A photo gallery with images from this trip can be found HERE.
After offering a quick sneak-peak of its new Remedy, a 6-inch All-Mountain bike, at Interbike’s Outdoor Demo back in September, Trek recently officially christened the new bike with a 3-day mass beating in the rugged terrain around Mexico’s Copper Canyon.
Before we get to the juicy details, a quick primer (okay, a long primer): Trek began turning heads this season with its new Fuel EX 5-inch travel “Trail” bike complete with its new ABP (Active Braking Pivot) linkage system. Most of the fuss over this new design owes to the location of the design’s rear pivot, located concentrically around the rear axle. The thinking here is that a pivot placed below the axle will both pedal and brake well, but that such a pivot falls under Specialized’s Horst Link patent. Also take into consideration that above-the-axle pivot designs are subject to stiffened suspension under braking.
Enter ABP, a creatively positioned pivot design that minimizes brake jack while simultaneously eliminating the need to pay licensing fees to the Big Red S, as so many other companies do.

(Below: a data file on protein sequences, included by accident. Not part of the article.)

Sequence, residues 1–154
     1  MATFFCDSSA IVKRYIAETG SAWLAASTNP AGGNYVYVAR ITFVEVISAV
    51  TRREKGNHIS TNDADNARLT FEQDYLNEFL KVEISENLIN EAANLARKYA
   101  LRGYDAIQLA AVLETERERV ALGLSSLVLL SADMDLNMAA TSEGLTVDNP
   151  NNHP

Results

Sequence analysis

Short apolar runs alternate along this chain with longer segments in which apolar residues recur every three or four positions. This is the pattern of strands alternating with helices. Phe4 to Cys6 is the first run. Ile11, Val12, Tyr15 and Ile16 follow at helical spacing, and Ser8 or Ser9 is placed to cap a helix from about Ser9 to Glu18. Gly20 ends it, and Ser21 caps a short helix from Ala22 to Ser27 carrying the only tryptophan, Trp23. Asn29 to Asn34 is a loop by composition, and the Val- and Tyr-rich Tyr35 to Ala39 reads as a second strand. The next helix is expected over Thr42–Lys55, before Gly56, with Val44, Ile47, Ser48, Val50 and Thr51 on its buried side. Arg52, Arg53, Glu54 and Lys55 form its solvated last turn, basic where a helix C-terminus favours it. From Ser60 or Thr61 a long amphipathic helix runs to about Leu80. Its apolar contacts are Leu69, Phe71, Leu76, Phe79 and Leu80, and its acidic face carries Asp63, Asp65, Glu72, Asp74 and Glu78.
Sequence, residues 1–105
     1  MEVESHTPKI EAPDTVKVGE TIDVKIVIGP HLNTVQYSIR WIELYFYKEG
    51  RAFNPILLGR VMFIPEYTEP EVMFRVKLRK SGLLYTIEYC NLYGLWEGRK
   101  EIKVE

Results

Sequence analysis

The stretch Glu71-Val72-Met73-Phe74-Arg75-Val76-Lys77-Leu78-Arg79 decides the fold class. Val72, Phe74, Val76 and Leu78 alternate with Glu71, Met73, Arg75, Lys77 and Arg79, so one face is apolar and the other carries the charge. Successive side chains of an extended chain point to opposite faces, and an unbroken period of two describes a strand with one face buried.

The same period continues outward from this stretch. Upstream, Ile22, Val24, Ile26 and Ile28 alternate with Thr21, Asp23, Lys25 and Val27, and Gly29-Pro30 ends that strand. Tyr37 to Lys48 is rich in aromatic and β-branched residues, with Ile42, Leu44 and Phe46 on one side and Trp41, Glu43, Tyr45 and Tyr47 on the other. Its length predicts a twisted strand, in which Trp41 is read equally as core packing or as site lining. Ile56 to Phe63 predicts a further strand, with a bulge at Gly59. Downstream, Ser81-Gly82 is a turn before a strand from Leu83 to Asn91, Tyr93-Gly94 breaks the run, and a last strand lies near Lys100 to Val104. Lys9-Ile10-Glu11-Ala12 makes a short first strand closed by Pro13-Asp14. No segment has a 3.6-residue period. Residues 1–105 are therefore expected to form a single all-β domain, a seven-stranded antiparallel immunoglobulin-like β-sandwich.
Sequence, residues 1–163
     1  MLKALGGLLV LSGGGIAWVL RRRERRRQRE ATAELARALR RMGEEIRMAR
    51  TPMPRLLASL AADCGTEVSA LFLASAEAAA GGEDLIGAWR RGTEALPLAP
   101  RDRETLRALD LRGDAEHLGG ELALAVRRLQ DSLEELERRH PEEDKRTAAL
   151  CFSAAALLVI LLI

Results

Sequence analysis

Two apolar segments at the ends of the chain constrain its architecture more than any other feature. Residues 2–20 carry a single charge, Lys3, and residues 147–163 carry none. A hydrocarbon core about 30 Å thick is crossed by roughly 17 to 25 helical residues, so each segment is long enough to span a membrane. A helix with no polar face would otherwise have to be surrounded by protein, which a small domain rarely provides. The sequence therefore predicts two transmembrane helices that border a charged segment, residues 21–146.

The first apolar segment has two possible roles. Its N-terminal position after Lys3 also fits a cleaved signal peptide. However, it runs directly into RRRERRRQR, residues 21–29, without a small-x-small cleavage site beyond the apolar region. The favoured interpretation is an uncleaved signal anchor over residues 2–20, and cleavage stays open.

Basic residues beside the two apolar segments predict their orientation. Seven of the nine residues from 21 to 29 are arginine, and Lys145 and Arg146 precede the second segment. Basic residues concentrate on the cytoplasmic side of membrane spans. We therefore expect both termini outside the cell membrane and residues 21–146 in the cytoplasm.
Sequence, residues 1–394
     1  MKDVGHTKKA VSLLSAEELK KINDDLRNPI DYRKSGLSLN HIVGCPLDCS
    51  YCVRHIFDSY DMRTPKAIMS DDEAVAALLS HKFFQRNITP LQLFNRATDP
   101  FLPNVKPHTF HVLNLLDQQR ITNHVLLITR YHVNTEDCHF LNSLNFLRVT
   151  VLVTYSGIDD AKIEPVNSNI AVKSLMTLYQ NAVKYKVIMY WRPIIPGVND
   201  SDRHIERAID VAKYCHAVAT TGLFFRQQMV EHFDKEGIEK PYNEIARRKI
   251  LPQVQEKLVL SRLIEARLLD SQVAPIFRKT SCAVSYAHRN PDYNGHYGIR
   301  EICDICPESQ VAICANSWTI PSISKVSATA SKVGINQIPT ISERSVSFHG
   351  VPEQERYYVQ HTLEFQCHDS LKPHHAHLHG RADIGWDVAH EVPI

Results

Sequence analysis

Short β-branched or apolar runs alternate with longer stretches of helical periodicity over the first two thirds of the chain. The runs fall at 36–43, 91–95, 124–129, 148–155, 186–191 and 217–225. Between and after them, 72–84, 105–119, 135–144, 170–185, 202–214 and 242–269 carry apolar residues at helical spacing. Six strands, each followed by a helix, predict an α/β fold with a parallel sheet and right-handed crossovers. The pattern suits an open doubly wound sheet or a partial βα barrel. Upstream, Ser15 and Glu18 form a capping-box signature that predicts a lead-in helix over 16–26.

But Trek claims the design actually performs better than Horst Links, and they even have a snazzy way of presenting that argument: by looking at degrees of movement between the caliper and rotor through the rear suspension’s travel. Sound confusing? It is but it isn’t. (Reference the colorful diagrams to soothe that aching brain.)
The best way to visualize this is to nose a bike against a wall and then heft down on the saddle to activate the rear suspension. Watch the relative movement between the rear rotor and the caliper.
According to Trek engineers: “The higher the degree, the more the caliper moves, the more the suspension stiffens.”
Less movement, less brake jack. Now with this in mind, Trek has charted out the degrees of rotation between the Remedy, Specialized’s Enduro SL and the Santa Cruz Nomad—like-minded bikes it aims to compete against. Trek claims that the degrees of movement at half- and full compression, respectively, comes out to 1.9/5.6 degrees for the Remedy. Compare to the Enduro at 2.7/7 and the Nomad at 5.2/8.1.
So what’s it all mean? Well, nothing unless you can feel it on the trail. Brake jack is no fun, but it’s harder to discern with shorter travel bikes.
The second component of the new ABP design is its “full floater” element, found on both the Fuel and remedy, which basically amounts to a floating lower rear shock mount that gives Trek engineers two points to tune the shock to. Translation: rear suspension that’s supple off the top, doesn’t wallow in the middle but still manages to feel bottomless.